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09/09/2014

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 Michael Kremer

First, in general, yes.

But second, your post can't help but remind me of this:

"This also must be confessed, that the most durable, as well as justest fame, has been acquired by the easy philosophy, and that abstract reasoners seem hitherto to have enjoyed only a momentary reputation, from the caprice or ignorance of their own age, but have not been able to support their renown with more equitable posterity. ... The fame of Cicero flourishes at present; but that of Aristotle is utterly decayed. La Bruyere passes the seas, and still maintains his reputation: But the glory of Malebranche is confined to his own nation, and to his own age. And Addison, perhaps, will be read with pleasure, when Locke shall be entirely forgotten." (Hume, Enquiry concerning Human Understanding, Section I, as if you need reminding.) Which just goes to show that guessing which 20th c philosophers will be footnotes to which other 20th c philosophers is a mug's game.

Eric Schliesser

Michael, thank you, even so can I ask you to re-read this little digression:
http://digressionsnimpressions.typepad.com/digressionsimpressions/2014/07/on-immortality-and-fleeting-impressions.html


Stefan Heßbrüggen

On September 1st 1542, the Leipzig humanist and professor of Latin and Greek Joachim Camerarius received a goblet worth 16 guilders from his grateful colleagues in the faculty of arts for his engagement in administering the university. Camerarius is certainly no central figure in the history of philosophy (though maybe to some extent in the history of classics). He was honored for what we call today the "service to the profession". I think at times that this is misleading, because our real service is to the discipline and its tradition. I personally try to honor this obligation of 'carrying on' by trying to do justice to some of those bygone colleagues which rarely appear in standard accounts of the history of philosophy - not because I am convinced that what they have to say is urgently to be heard in this time, but because I suspect that their collective work has contributed to who and what we are today as philosophers. This is at the same time a humbling and a gratifying experience - humbling because doing philosophy in the Germany of the Thirty Years War was certainly more difficult than today, and gratifying because in the context of their own time, some of them were diligent and sharp minds furthering the advancement of knowledge in much the same way we still try to do that today. So one - though, of course, not the only - way of shaping a healthy professional attitude is to serve as Baillet to the Rembrandtsz Van Nierops of history. Today's colleagues trying "to progress even closer to the truth" will have to console themselves with the hope that future generations will not lose their antiquarian curiosity or that they will survive in the acts of the university as having received a goblet for their service.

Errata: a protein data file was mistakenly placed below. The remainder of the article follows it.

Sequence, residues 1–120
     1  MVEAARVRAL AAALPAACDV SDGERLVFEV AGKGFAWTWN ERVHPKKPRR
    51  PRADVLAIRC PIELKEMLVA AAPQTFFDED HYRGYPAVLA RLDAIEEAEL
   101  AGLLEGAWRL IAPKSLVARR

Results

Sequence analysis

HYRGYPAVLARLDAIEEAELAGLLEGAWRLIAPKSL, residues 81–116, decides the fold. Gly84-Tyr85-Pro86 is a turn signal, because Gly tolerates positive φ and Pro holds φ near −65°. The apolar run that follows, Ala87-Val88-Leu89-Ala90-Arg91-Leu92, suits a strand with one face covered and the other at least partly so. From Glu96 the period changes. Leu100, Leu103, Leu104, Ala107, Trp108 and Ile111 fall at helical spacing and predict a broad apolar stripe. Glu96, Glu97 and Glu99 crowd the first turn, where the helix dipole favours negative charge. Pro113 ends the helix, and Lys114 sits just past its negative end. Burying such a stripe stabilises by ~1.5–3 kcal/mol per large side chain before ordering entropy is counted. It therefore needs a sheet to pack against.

The source for the Camerarius anecdote:

Stefan Heßbrüggen